Taking chances can sometimes lead to great art. But award-winning poet Carl Phillips says there’s a risk to, well, taking risks.
“I think there has to be a place for risk and for restlessness in any kind of fully lived life, and especially I think for an artist,” he tells NPR’s Arun Rath. “I think it’s the only way that imagination gets stimulated and continues — but I think it can easily go unchecked.”
His latest work, Reconnaissance, looks for the balance between restlessness and stability — and between the raw and the refined, the omnicient and the intimate.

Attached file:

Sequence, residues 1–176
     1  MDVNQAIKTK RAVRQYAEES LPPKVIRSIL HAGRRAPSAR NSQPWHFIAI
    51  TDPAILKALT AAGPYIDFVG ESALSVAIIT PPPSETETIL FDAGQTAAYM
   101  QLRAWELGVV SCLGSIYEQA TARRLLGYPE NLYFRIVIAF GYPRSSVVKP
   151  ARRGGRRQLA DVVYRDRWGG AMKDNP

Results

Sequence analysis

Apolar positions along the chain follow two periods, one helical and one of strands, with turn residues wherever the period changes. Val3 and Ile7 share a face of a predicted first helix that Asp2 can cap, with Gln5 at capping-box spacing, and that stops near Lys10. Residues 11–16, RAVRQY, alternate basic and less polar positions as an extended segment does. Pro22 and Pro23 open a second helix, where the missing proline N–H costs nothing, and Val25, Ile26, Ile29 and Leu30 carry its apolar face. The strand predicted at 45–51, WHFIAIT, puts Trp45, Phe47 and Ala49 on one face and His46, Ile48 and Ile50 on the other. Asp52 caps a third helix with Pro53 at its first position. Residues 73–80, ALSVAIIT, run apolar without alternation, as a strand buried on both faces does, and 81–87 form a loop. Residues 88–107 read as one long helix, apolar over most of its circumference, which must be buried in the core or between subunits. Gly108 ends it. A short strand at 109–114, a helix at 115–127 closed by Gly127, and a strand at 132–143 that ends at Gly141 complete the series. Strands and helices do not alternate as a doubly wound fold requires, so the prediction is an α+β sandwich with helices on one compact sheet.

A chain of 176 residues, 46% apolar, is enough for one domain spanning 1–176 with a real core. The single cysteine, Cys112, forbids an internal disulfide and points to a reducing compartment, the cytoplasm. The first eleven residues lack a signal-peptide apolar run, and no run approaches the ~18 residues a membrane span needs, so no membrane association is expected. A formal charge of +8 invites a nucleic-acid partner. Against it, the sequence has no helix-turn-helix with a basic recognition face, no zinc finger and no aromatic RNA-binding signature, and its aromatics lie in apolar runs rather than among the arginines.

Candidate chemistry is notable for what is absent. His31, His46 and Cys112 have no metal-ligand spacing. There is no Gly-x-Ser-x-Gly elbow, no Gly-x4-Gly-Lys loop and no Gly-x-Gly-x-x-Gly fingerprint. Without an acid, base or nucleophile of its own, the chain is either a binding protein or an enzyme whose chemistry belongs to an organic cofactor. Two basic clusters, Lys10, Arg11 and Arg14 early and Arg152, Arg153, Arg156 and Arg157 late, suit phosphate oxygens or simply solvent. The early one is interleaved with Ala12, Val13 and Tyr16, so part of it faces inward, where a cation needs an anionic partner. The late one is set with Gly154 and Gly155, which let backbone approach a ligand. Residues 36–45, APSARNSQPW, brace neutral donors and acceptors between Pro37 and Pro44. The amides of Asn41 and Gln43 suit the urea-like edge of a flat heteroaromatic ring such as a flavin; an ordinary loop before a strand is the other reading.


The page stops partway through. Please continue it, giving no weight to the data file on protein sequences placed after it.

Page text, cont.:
It draws on his own experiences, but he resists interpretation of his poetry as autobiographical.
“I think of poetry as being more a transformation of experience rather than a transcription of it,” he explains. “I become uncomfortable when people want to make an equation between the author and the poem.”